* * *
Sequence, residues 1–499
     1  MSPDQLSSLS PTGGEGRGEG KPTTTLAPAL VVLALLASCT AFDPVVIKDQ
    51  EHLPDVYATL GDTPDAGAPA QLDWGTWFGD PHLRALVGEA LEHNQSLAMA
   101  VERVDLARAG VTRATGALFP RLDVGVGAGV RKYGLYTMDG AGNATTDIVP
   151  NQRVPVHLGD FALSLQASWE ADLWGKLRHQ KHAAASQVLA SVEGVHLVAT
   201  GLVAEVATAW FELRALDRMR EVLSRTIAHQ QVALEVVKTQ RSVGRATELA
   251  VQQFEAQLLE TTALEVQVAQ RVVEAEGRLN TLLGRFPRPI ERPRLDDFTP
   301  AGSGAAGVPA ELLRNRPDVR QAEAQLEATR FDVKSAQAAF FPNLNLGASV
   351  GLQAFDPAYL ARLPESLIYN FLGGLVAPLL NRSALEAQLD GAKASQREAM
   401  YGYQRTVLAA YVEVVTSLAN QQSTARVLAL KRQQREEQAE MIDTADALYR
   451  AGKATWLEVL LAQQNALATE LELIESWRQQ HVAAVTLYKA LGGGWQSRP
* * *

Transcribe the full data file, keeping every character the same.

Sequence, residues 1–499
     1  MSPDQLSSLS PTGGEGRGEG KPTTTLAPAL VVLALLASCT AFDPVVIKDQ
    51  EHLPDVYATL GDTPDAGAPA QLDWGTWFGD PHLRALVGEA LEHNQSLAMA
   101  VERVDLARAG VTRATGALFP RLDVGVGAGV RKYGLYTMDG AGNATTDIVP
   151  NQRVPVHLGD FALSLQASWE ADLWGKLRHQ KHAAASQVLA SVEGVHLVAT
   201  GLVAEVATAW FELRALDRMR EVLSRTIAHQ QVALEVVKTQ RSVGRATELA
   251  VQQFEAQLLE TTALEVQVAQ RVVEAEGRLN TLLGRFPRPI ERPRLDDFTP
   301  AGSGAAGVPA ELLRNRPDVR QAEAQLEATR FDVKSAQAAF FPNLNLGASV
   351  GLQAFDPAYL ARLPESLIYN FLGGLVAPLL NRSALEAQLD GAKASQREAM
   401  YGYQRTVLAA YVEVVTSLAN QQSTARVLAL KRQQREEQAE MIDTADALYR
   451  AGKATWLEVL LAQQNALATE LELIESWRQQ HVAAVTLYKA LGGGWQSRP